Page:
Analyzes of the most cited authors by standards (ISO 14000, OHSAS 18000, ISO 26000, SA 8000).

Table A1 Analysis of most cited authors in literature on ISO 14000 (International Organization for Standardization, 2015b) (Based on the WoS data resulting from the search) (Web of Science, 2017). 

# Title Author(s)/Year Journal C ACY AIF
1 Sustainable operations management Kleindorfer et al. (2005) Production and Operations Management (IF = 1.95) 411 31.62 93.28
2 Assessing the impact of environmental management systems on corporate and environmental performance Melnyk et al. (2003a) Journal of Operations Management (IF = 5.207) 349 23.27 144.44
3 Lean and green? An empirical examination of the relationship between lean production and environmental performance King & Lenox (2001) Production and Operations Management (IF = 1.95) 249 14.65 43.22
4 The strategic use of decentralized institutions: Exploring certification with the ISO 14001 management standard King et al. (2005) Academy of Management Journal (IF = 6.233) 242 18.62 134.68
5 Strategic sustainable development - selection, design and synergies of applied tools Robèrt et al. (2002) Journal of Cleaner Production (IF = 5.715) 237 14.81 99.45
6 Stakeholder pressure and the adoption of environmental practices: The mediating effect of training Sarkis et al. (2010) Journal of Operations Management (IF = 5.207) 215 26.88 166.84
7 Environmental management systems and the smaller enterprise Hillary (2004) Journal of Cleaner Production (IF = 5.715) 199 14.21 95.42
8 Green clubs and voluntary governance: ISO 14001 and firms' regulatory compliance Potoski & Prakash (2005) American Journal of Political Science (IF = 4.515) 194 14.92 82.28
9 Evaluating environmentally conscious business practices Sarkis (1998) European Journal of Operational Research (IF = 3.297) 190 9.5 40.82
10 The diffusion of environmental management standards in Europe and in the United States: An institutional perspective Delmas (2002) Policy Sciences (IF = 1.750) 185 11.56 31.79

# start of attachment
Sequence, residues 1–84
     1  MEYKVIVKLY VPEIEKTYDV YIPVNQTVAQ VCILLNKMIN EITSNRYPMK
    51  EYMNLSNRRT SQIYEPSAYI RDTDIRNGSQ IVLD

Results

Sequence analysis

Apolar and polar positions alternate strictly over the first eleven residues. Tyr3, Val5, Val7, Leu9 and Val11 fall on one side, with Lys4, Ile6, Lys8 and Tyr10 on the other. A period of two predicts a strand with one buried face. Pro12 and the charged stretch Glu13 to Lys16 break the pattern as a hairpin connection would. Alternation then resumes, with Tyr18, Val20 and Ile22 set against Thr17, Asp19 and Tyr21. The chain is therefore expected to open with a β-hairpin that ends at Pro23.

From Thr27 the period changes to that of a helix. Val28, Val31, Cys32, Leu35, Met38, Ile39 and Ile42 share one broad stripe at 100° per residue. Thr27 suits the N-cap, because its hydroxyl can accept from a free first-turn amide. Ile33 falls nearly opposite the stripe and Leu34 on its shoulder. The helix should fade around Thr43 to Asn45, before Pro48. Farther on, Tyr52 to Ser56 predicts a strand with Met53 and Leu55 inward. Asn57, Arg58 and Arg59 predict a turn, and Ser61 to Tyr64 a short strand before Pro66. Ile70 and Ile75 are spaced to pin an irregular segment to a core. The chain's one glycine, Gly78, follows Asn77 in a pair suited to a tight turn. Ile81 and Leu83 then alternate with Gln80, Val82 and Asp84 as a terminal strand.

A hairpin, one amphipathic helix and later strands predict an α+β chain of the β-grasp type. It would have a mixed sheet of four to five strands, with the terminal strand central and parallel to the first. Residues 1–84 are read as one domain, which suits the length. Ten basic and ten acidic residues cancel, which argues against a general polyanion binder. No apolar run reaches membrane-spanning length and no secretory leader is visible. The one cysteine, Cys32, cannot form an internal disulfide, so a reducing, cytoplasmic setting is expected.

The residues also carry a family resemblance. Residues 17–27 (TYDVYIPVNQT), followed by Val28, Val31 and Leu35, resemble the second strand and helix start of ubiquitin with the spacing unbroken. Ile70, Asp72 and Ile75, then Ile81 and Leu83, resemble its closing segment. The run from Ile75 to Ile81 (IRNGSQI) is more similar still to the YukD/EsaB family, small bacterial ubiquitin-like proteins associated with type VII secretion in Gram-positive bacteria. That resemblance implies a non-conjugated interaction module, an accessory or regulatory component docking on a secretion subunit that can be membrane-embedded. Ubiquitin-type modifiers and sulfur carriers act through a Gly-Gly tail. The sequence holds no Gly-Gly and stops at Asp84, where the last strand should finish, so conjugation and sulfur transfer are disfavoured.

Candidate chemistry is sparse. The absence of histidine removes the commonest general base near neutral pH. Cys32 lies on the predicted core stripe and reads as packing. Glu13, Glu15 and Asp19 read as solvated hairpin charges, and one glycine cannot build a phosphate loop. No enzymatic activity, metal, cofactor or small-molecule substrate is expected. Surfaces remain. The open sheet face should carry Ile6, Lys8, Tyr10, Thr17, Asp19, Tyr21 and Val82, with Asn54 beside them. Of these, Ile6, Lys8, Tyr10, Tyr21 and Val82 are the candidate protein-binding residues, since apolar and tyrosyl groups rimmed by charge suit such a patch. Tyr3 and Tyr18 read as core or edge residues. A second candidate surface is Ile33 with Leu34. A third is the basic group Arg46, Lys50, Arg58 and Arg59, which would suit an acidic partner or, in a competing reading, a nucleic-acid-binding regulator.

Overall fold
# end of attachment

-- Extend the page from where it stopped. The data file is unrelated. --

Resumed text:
C: citation
N: 853 h-index 62

#numerical sequence; C = number of citations; ACY = Average citations per year; AIF = Impact factor adjusted - see Equation 1.

Table A2 Analysis of most cited authors in literature on OHSAS 18000 (Based on the WoS data resulting from the search) (Web of Science, 2017). 

# Title Author(s)/Year Journal C ACY AIF
1 Selecting management systems for sustainable development in SMEs: A novel hybrid model based on DEMATEL, ANP, and ZOGP Tsai & Chou (2009) Expert Systems with Applications (IF = 3.928) 116 12.89 63.52
2 Integrated management systems - three different levels of integration Jørgensen et al. (2006) Journal of Cleaner Production (IF = 5.715) 85 7.08 47.54
3 A synergetic model for implementing an integrated management system: an empirical study in China Zeng et al. (2007) Journal of Cleaner Production (IF = 5.715) 84 7.64 51.30
4 Integrated management systems: experiences in Italian organizations Salomone (2008) Journal of Cleaner Production (IF = 5.715) 81 8.1 54.39
5 Implementing environmental with other standardized management systems: Scope, sequence, time and integration Karapetrovic & Casadesús (2009) Journal of Cleaner Production (IF = 5.715) 65 7.22 48.48
6 Certification and integration of management systems: the experience of Portuguese small and medium enterprises Santos et al. (2011) Journal of Cleaner Production (IF = 5.715) 48 6.86 46.06
7 Towards more sustainable management systems: through life cycle management and integration Jørgensen (2008) Journal of Cleaner Production (IF = 5.715) 47 4.7 31.56